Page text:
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Help Me Decide, GPX 6000 Or GPZ 7000?

Which is best for me, GPX 6000 or GPZ 7000:  

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  1. 1. Which is best for me, GPX 6000 or GPZ 7000:

    • 6000 kit. Plus the 17" mono.
    • 7000 kit. Plus the 19" and probably NF12.

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Hi Guys,

New forum member here. My 40th birthday is coming up, and my wife's onboard with a new machine. I'm thinking the GPX 6000 or GPZ 7000. I can only afford one, plus an extra coil or two. I could use see help deciding. This is not a case of what detector is better; this is a case of which detector is better for me.

Overall, I have done a lot reading on the forum (and watching youtube videos) trying to get up to speed. Many thanks to all who post here sharing their experience. Thank you Steve, JP, and everyone else who has contributed. Seriously, thank you guys for the wealth of knowledge. 

For fun, I've also set up a poll. But I would very much appreciate written responses and dialog.

I realize this got long. But I wanted to explain my use case. I've tried to summarize, skim over as you see fit.


Background info: 

I'm a long time hand panner, I also run a Gold Monster 1000.

I'm primarily work in the Rocky Mountains in BC Canada; on the site of a major gold rush (Wild Horse River). Terrain wise, it's very similar the Rocky Mountains in Colorado. I'm currently working a mix of friends and acquaintances claims, or other claims in the area. Sometimes (rarely) I make trips to other regions.

Since the 1860's gold rush, the river and source creek have been heavily worked over the years. Typically I stick to areas less worked. Lots of hillsides, newly washed out areas, old tailings, water cannon bowls (aka; hydraulic mining), old possible gravel channels, difficult to access old ledges, etc... 

Outside of the river, typically there is 12-15ft of material to bedrock. Either covered with layers glacial till, or old river gravels from as it moved, or both, plus overburden. The bedrock does surface in places. The area's where it peaks out have been previously worked, but I'm hoping they could be reworked with a better detector. I would like to find areas where the bed rock gets near the surface (say within a few feet), but doesn't break through, and thus are still virgin ground. These represent great potential if I can find them.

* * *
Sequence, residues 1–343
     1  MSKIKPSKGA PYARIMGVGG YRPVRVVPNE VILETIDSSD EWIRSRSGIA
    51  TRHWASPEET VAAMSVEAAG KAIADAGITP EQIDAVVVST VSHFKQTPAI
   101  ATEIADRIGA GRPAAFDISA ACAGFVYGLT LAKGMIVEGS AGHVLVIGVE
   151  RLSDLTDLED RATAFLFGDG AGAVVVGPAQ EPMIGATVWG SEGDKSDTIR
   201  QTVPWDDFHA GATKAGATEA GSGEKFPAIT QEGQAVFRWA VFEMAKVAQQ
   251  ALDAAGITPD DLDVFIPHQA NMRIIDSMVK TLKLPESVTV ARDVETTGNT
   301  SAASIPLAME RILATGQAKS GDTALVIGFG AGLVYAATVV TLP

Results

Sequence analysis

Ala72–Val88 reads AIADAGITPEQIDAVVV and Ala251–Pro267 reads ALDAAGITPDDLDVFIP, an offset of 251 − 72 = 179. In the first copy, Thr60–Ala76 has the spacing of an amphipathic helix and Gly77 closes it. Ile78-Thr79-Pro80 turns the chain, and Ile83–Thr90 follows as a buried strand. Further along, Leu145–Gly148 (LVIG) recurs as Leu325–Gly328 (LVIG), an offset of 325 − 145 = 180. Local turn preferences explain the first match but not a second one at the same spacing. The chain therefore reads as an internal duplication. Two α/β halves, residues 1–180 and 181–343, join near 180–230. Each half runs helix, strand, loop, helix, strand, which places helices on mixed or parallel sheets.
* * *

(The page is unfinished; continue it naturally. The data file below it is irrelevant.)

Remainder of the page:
As a side, not many people seem to use detectors up here. Those that do usually have a Gold Monster. I've been told most people who have shown up with them (non locals) usually give up. Partially because of the limited access to claims (it takes time to make friends), and the lack of understanding of the area, and how it's been worked. As I've shared, it's been heavily worked. Almost all the easy gold is gone. Part of why I want a detector to try and speed up the discovery of new areas. Another thing I would like to try is, to dig holes in areas which are known to be gold bearing, and try to find pockets with the detector. Extend its reach so to speak. Which I can then work with a high banker if water is available. Or with a detector where access is remote/difficult and/or water is no longer available.

So there is really a mix of scenario's and use cases. I would like to use the detector both as a primary and secondary tool.


Gold wise:

This varies depending where you are, and the claim. Beyond fine gold which is continually moved and redeposited in the river, small pickers are the most common. Many in the 0.3 - 0.5g range. Large ones are in the 1-2 gram range. Really nice larger ones are up to the 5 gram range. Anything over that would be considered exceptional in this area (based on what's being found currently, that people are willing to talk about anyways 😉 ). This type of variety would represent a regular season for those who work a good claim. However, larger nuggets do come out. The largest I can personally vouch for is just over 2oz (seen below). The record was 36oz during the original gold rush. I've shared photos below for reference.


Ground wise:

There are lots of hot rocks here, of multiple types. Lots of iron, so heaps of magnetite and some pyrites, galena, etc). I can't say it's as bad is Australia, but it's not great. Even the gold monster jumps back and forth. I dig all targets.

Not to mention all the old timer trash, and even more modern trash.... 

I do wonder if the DD coil will outperform the mono's here. The 19" Super D looks very attractive.


Now, 6000 or 7000?

Here's a quick summary of my understanding, starting with the high points:

  • 6000: Great all around machine. Excels at small (sub gram) gold. Super light, easy, and fun to use. Very zippy. Ergonomics are great, which is not to be underestimated. Over all good value for money. Almost like a Gold Monster, SDC2300 and GPX5000 in one upgraded machine, which is better than all of them, while being lighter.
  • 7000: Takes more skill. One must work slower and more methodically. Keeping good coil control, paying attention... but once learned it's a fantastic all around detector. What it gives up in small gold (where the 6000 excels) it gains with big deep stuff. It's still king, but very heavy and much more expensive.

Weak points:

  • 7000: I see three weakness. Its first weakness is with small gold, which can be mostly mitigated with a NF12 coil. Its heavy weight will always be there, so wear a harness and deal with it. Finally, it costs a lot more in Canada. Compared with a 6000 kit + 17", the 7000 kit + 19" costs 54% more. I have no idea why the price jump is so big here. Plus more money for the NF12 on top of this. 
  • 6000: Weak points are depth and heavy mineralization. I can deal with the mineralization, in that I dig all targets (although less digging is better). But its depth capabilities is what I'm most wondering about. How much can this be helped with the 17" mono coil? And what is the likelihood a better coil for larger deeper gold will come out? Something like the 19" Super D would be ideal (Minelab, please make a larger D coil which can punch deep! Or let someone else. 🙂  ). These are probably my two biggest questions. As trying to find shallow bedrock is something I see good potential with. Otherwise the 6000 seems like the machine for me.